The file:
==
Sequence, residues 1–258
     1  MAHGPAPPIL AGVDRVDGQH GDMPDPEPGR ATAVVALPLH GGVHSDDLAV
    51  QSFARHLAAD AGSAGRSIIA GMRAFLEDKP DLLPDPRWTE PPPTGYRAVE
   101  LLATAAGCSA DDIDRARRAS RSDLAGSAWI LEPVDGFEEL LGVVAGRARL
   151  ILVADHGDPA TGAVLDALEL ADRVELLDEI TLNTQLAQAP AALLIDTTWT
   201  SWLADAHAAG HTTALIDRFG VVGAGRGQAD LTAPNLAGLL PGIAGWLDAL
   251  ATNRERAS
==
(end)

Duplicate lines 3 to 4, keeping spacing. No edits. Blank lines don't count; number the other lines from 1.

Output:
    51  QSFARHLAAD AGSAGRSIIA GMRAFLEDKP DLLPDPRWTE PPPTGYRAVE
   101  LLATAAGCSA DDIDRARRAS RSDLAGSAWI LEPVDGFEEL LGVVAGRARL